Merry After-Christmas and Happy New Year everyone!
For us, Christmas is the season to spend quality time with friends and family (and to eat copious amounts of chocolate :P) but it also includes the chance to give loved ones gifts and to receive ones in return. Hopefully, you have all received delightful and enchanting gifts this festive season, but perhaps there are one or two which you aren’t quite sure whether you will use. According to figures released by Ziffit.com, around 60% of people in the UK expect to receive unwanted gifts, amounting to around 81 million unwanted items every year. One in 10 of these unwanted gifts is expected to end up in landfill.
What to do about unwanted presents is fraught with difficulty but throwing them in the bin is definitely not the answer. Presents are given to bring the recipient joy, provide some use or fulfil a purpose and I think some of the best gifts I have receive are those which remind me of a loved one or which fill a gap in my life. If by keeping an unwanted gift you are constantly feeling guilty then something has gone wrong. In the ideal world of course, we would only receive items which enrich our lives. In reality, I suspect I am not the only one for whom this is not the case. This article aims to give some ideas of what to do with any gifts which are perhaps not best suited to you.
1. Return or exchange them
Technically, most shops don’t have to refund an item unless it is faulty or not as described (as per this useful article by Which). Thankfully, most retailers have a ‘goodwill’ policy whereby they will offer a return or refund on gifts. However, you will need some sort of proof of purchase, whether this be a gift receipt or bank statement showing when it was bought. Most people will genuinely want you to have a gift which you like and will be happy to change it, but it can be a delicate discussion to have so beware of hurting others’ feelings. Ultimately, this route means items will be resold to someone who does want them while you can choose something which you can actually use. No waste at all.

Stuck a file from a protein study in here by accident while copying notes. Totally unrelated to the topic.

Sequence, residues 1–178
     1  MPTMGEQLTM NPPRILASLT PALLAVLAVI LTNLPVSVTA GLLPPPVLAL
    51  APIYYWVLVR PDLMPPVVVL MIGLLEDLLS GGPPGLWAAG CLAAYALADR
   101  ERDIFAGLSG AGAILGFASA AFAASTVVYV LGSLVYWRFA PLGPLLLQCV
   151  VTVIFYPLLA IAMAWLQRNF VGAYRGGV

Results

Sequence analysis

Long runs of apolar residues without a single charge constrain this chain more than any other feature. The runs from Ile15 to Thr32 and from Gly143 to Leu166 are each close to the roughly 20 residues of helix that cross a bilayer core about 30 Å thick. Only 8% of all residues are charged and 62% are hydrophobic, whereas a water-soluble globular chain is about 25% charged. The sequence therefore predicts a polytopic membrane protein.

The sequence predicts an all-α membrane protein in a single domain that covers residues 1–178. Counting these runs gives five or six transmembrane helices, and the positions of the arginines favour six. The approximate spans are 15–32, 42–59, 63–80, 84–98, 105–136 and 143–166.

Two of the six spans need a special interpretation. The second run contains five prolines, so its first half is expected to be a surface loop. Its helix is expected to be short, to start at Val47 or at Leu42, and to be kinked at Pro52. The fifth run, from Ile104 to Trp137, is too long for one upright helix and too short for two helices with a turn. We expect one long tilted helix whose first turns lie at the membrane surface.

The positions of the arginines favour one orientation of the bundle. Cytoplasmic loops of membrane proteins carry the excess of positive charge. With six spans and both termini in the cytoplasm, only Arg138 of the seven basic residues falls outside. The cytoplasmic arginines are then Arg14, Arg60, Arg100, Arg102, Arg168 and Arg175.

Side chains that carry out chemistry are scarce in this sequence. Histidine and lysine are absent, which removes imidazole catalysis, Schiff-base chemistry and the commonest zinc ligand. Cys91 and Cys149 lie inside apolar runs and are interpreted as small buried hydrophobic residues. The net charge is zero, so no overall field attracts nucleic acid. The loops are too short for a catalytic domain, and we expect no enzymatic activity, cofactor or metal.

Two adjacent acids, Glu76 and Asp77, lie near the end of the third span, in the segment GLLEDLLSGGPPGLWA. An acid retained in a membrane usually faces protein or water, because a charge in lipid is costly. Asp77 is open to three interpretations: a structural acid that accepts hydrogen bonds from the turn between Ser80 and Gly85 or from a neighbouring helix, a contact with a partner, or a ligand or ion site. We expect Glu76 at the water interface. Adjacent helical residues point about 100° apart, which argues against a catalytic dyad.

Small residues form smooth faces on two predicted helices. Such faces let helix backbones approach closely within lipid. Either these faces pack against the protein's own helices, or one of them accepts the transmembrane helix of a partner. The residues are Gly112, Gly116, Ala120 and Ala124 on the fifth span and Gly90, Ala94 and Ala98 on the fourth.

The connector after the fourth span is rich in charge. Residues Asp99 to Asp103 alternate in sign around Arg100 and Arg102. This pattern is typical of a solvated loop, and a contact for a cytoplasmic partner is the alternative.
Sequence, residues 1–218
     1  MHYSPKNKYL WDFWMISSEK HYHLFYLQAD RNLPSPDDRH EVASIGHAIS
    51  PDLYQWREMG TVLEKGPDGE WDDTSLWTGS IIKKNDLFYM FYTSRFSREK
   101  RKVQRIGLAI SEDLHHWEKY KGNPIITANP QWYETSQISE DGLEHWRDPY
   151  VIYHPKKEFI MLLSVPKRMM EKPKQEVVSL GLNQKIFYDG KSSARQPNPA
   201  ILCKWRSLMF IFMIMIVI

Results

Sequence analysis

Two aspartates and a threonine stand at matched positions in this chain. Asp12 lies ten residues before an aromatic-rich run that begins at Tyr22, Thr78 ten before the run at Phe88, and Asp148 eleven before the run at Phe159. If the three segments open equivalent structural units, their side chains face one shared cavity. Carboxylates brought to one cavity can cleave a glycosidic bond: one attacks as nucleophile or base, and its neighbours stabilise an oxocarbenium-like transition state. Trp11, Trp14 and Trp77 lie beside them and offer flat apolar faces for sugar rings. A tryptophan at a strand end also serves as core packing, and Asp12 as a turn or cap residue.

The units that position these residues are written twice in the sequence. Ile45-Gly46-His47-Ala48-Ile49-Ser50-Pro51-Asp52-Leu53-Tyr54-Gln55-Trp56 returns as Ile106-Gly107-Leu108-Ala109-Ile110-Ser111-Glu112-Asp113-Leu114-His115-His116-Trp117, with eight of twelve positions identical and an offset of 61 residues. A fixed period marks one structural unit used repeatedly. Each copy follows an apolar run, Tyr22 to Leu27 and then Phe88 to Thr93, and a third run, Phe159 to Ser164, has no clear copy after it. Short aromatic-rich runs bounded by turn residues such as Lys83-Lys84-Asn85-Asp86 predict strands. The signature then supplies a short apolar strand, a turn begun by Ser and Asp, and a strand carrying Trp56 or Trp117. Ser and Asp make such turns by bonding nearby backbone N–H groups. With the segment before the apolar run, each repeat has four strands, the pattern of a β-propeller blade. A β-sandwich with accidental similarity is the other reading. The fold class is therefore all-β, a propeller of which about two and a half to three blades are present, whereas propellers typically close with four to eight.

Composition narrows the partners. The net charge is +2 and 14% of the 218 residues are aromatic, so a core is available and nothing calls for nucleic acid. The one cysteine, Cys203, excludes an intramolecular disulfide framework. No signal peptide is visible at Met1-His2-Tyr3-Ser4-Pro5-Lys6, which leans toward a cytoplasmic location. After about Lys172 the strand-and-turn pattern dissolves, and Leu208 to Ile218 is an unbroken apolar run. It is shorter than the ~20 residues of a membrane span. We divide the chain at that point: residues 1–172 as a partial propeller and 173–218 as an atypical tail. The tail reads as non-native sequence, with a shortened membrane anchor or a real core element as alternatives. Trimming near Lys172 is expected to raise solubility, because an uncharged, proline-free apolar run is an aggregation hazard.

2. Sell it
Again, this is a pretty good solution for most of us and means the gift giver may never know. On the downside, if the gift giver does not know, they might get you something similar in future. Sometimes it is best to have that awkward discussion with people. Places like Ebay and Gumtree are great for re-selling. Incidentally, if you are shopping for someone with a birthday in January, they are also great places to get good quality second hand gifts.
3. Arrange a gift swap
I love this idea as it encourages us to spend more time with friends and family which I feel is so important. You could arrange a gift swap between any group of people, it could be a group of friends, a community group, or at a school or work. These are great ways to exchange items and, if you didn’t manage to get rid of your unwanted gift, you still have all the other options on this list to go through.
This probably only works for particular gifts but if you know of someone who will definitely like your unwanted item then re-gift it to them. Gifts should be about whether the recipient will like the item, not about how much you spend so I don’t think anyone should feel guilty giving a gift if they believe the recipient will like it, whether it is expensive or not.
5. Donate it
Donations to charity shops help raise much needed funds for great causes and mean items can be sold to someone who actually wants them. Make sure to check whether the charity shop will take your item though, as some won’t accept electricals or other goods. The British Red Cross have a handy webpage listing what they will not take. Charity shops aren’t the only places which receive donations. You could also try homeless shelters, schools, libraries or hospitals.
Ultimately, the best answer to the unwanted gift problem is to do your best to avoid receiving any. Provide loved ones with a list or ideas. Manage their expectations regarding what you will do with unwanted gifts. Have frank and open discussions about presents. And remember, the best thing about Christmas, is that it provides an excuse to meet up with people you love and who are important to you, not about what you necessarily give or receive.